This post is a part of my year-long quest in 2017 to read only female-authored travel writing. Find out more about it on the project’s main page. It’s more than a year after I published part one of my review of Black Lamb and Grey Falcon as part of my Reading Female Travel Writers project.…
In the second of a three-part blog post series, I imagine a “blue skies thinking” political game called “Make The Best of It”. Fancy trying it out?
I recently had a photo published in a beautiful book called Underground Worlds: A Guide to Spectacular Subterranean Places, by David Farley. Here’s a little bit about it.
Seven things I have learned having completed my 2017 Reading Female Travel Writers project.
The review of my final title from my Reading Female Travel Writers project: Nan Shepherd’s The Living Mountain.
My preview of the last book in my 2017 quest to read female travel writers: Nan Shepherd’s The Living Mountain.
My review of November’s Reading Female Travel Writers title, Looking for Transwonderland by Noo Saro-Wiwa.
My preview of November’s title in my Reading Female Travel Writers series – Noo Saro-Wiwa’s “Looking for Transwonderland: Travels in Nigeria”.
My review of November’s title in my Reading Female Travel Writer series, Zora Neale Hurston’s Tell My Horse.
My preview of Tell My Horse, by Zora Neale Hurston, October’s title in my Reading Female Travel Writers project.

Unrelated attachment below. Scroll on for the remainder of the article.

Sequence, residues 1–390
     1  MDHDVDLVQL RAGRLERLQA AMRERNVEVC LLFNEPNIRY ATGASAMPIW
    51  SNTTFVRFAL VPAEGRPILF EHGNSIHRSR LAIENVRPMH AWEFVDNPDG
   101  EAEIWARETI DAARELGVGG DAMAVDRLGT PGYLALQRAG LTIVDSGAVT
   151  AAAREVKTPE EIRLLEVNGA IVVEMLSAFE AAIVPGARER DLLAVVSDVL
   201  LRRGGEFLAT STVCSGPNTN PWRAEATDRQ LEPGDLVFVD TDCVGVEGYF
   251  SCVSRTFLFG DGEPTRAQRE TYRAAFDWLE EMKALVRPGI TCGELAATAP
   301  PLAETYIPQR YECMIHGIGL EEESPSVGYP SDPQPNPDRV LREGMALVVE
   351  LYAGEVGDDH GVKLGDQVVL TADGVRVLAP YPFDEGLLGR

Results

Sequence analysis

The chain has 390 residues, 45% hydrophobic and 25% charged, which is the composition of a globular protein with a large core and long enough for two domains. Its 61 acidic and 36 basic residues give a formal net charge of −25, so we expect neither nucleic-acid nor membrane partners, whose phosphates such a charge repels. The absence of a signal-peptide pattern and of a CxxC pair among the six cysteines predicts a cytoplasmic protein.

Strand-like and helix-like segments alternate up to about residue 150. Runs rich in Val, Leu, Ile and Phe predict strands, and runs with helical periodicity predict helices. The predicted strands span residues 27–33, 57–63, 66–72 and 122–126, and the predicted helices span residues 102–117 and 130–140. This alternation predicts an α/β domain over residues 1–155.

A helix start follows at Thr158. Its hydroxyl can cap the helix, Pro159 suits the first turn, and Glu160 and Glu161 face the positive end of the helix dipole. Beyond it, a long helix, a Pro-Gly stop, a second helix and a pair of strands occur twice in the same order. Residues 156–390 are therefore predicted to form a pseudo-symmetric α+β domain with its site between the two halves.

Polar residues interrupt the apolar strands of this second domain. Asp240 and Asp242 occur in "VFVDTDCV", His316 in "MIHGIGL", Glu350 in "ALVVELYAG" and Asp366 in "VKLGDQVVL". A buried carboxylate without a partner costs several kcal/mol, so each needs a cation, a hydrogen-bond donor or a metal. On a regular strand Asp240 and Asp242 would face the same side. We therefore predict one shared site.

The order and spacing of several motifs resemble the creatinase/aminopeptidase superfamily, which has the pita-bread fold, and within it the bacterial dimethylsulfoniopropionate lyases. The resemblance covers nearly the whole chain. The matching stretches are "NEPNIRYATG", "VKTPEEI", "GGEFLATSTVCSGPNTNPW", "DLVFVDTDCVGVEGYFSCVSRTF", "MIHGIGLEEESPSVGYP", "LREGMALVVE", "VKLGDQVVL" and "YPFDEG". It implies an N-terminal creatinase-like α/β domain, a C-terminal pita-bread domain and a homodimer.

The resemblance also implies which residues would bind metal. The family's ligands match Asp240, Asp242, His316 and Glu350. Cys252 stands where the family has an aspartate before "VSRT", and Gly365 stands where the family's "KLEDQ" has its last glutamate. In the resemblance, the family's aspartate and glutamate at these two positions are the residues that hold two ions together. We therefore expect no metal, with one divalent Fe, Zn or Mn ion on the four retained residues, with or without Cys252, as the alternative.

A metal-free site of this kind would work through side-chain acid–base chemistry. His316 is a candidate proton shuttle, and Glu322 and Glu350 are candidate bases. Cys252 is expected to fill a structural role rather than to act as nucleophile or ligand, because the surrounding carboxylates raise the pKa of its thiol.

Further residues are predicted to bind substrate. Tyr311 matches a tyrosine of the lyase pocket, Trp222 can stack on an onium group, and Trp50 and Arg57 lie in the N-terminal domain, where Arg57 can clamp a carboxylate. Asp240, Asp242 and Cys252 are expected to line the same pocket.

My review of September’s Reading Female Travel Writers title, the utterly incredible Ghost Trails by Jill Homer.
A preview of my September title for my “Reading Female Travel Writers” mission – Jill Homer’s Ghost Trails.
My part-way review of Rebecca West’s Black Lamb and Grey Falcon: A Journey Through Yugoslavia. I only made it about 20% through my August title for my Reading Female Travel Writers project, so will return with a fuller review in the future!
My preview of August’s title in my Reading Female Travel Writers project, Rebecca West’s classic of the genre, Black Lamb and Grey Falcon.
My review of July’s title from my year-long mission of reading female travel writing – Josie Dew’s “A Ride in the Neon Sun: A Gaijin in Japan” – and, sadly, the first in the series that I failed to enjoy or finish.
A visit to and reflection on the massively regenerated John O’Groats, finishing line for many long distance journeyists, and – until recently – a bit of a dump.
My account of a day on the beautiful abandoned island of Stroma, in the Pentland Firth between Caithness and Orkney.
A walk down the spectacular Whaligoe Steps, 300 steps down to an old fishing station on the Caithness coast.
An exploration of the centuries-old Sinclair Mausoleum, near Ulbster in Caithness.
A quick stop in Helmsdale, Sutherland, en route to the island of Stroma. A place well worthy of a return visit.